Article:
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mallardo

Member Since 05 Mar 2011
Offline Last Active Today, 07:58 PM
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#295161 Stephen Ward - The Musical

Posted wickedgrin on 05 March 2014 - 09:16 AM

Hysterical overheard conversations between two elderly women at yesterdays Tuesday matinee.

Woman 1 "do you think the ceiling is going to fall in"
Women 2 " it would be more exciting than the show wouldn't it"

Woman 1 "I'm glad Gladys didn't come she would not have liked the swearing"

Woman 1 "There's nothing scandalous about it now is there...."
Woman 2 "Ooooh no, I bet it's all going on today, it's just that we don't know about it, and wont do for another 30 years or whatever, the establishment - they're all still at it"!
Woman 1 "Yes look at that Patrick Rock"
Woman 2 "Who dear?"

Woman 1" Do you think that they (the cast) give their all when they know it's closing in a few weeks?
Woman 2 "Well that Christine Keeler gave it her all (cackles) but I suppose they hope to be picked up for something else - they never know who's watching"

Woman 1 "There are some nice songs aren't there... it's a pity he did not write them for a different show"
Woman 2 " But then it would have been a different show wouldn't it"


#294907 King Lear - Nt

Posted peggs on 02 March 2014 - 07:13 PM

Went with the lowest of expectations on basis of mixed reviews and that awful trailer and then rather liked it. I don't think this is SRB's finest hour, I always like him best when he is doing vulnerable, so i liked his quieter moments, i believed his 'let me not be mad' and i was doing that intense frowning  thing i do when i am moved by then end. I wasn't wild about the direction, surely it can't have been entirely Anna Maxwell Martin's idea to make Regan so shouty? She is so much more of an actress than this and ironically made Goneril's reactions seem more reasonible if only because they were quieter. Unlike TheatreSquirrel i have felt sympathy for these two before, Lear clearly has been a difficult father to live with and whilst it doesn't condone what then happens that he's not up for any father of the year awards is hardly unsurprising. I really liked Kate Fleetwood, you could see every insult hit and I thought Olivia Vinall worked well as Cordeila which is a part with very little to actually do.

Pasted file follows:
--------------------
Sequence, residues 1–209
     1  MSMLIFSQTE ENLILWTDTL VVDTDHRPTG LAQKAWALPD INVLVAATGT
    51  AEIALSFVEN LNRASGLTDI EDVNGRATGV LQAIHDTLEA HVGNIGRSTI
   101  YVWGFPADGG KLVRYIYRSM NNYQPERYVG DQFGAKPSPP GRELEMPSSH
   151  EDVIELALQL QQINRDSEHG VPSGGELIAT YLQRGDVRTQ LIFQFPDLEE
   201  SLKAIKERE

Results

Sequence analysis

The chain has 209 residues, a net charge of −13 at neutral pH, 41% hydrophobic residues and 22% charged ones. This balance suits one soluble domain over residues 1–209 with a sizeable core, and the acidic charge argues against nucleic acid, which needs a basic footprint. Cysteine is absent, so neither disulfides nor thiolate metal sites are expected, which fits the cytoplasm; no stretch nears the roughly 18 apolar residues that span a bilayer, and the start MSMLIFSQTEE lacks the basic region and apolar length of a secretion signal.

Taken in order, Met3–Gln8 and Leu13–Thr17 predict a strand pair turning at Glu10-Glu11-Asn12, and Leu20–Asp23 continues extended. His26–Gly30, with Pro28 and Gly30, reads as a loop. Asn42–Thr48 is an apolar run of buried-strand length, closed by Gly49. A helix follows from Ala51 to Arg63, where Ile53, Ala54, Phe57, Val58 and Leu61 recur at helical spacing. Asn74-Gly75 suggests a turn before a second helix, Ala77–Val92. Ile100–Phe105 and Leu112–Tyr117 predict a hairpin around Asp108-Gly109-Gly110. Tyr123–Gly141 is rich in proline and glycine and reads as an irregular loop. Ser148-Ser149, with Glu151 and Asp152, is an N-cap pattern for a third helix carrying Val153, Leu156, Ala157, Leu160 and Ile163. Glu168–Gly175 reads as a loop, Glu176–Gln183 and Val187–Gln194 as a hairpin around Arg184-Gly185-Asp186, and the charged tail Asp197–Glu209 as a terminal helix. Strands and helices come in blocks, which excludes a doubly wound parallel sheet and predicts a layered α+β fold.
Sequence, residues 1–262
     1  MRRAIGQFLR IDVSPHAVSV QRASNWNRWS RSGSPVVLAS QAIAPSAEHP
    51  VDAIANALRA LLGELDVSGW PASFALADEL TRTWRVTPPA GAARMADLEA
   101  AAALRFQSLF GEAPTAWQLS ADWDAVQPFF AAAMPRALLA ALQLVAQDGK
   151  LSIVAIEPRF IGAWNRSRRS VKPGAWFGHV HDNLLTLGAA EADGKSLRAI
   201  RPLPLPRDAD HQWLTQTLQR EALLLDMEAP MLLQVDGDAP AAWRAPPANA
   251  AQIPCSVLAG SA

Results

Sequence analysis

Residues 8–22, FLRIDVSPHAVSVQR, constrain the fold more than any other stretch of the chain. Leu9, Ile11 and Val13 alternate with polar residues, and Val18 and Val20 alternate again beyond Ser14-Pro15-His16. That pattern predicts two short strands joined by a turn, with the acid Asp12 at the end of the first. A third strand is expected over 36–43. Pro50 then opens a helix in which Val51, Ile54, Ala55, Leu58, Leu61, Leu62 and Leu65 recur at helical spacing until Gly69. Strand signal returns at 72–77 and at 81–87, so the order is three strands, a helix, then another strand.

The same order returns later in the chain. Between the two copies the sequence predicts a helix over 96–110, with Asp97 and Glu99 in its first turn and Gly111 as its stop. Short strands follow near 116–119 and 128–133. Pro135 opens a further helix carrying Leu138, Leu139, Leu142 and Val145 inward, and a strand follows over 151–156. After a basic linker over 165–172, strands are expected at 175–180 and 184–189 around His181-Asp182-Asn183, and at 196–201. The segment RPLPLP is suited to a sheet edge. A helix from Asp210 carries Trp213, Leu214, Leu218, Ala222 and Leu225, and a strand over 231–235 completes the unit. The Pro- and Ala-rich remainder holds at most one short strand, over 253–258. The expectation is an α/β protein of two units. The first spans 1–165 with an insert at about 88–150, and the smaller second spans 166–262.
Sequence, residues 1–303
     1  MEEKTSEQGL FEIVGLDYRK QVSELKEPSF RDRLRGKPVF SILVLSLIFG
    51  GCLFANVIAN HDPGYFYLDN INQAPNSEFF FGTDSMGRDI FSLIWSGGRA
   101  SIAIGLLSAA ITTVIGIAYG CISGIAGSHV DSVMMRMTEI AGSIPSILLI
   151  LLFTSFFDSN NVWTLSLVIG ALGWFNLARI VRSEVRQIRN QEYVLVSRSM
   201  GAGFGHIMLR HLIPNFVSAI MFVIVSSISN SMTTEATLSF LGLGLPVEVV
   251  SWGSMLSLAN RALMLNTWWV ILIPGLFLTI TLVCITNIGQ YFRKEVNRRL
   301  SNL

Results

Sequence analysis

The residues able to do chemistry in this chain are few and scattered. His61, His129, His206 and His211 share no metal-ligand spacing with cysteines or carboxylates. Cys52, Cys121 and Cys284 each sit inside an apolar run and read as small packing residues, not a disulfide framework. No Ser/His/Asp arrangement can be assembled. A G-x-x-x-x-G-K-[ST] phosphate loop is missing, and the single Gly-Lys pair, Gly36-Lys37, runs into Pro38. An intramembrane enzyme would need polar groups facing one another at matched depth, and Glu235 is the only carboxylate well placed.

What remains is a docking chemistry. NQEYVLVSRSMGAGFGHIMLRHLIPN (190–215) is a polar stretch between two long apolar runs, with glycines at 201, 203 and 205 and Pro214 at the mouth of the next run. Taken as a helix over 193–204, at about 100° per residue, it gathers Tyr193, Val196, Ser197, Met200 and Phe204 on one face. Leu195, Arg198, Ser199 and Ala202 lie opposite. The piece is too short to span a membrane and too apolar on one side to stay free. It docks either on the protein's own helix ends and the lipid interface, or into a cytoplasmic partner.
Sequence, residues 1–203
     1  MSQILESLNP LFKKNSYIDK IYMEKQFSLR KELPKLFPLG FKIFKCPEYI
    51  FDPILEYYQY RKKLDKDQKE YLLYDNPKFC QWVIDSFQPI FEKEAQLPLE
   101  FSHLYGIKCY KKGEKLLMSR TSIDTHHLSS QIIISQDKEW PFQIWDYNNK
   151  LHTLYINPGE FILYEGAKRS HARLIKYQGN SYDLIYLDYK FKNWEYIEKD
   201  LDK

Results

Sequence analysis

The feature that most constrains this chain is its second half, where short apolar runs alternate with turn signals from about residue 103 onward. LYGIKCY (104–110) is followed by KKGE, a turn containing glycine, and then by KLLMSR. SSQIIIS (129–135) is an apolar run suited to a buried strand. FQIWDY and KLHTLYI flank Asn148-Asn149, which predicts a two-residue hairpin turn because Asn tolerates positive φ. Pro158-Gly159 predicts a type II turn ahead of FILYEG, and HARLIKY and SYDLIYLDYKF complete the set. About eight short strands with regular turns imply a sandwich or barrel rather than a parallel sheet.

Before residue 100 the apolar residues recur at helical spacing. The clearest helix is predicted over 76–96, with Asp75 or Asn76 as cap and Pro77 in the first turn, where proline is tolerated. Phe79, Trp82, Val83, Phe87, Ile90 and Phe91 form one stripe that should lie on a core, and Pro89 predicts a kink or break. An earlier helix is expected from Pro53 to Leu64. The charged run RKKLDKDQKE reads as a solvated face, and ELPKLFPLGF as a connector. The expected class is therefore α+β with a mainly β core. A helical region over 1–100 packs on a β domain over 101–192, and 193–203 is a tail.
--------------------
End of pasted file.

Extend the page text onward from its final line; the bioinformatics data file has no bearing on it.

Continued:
Normally loathe the fool and the look at this fool had made me more fearful but he actually made more sense that other fools i've seen and i liked how he ended up. Stanley Townsend good at Kent with that great voice of his and liked this interpretation of Edgar. Edmund weak I thought, seemed neither particularly scheming or attractive as a man.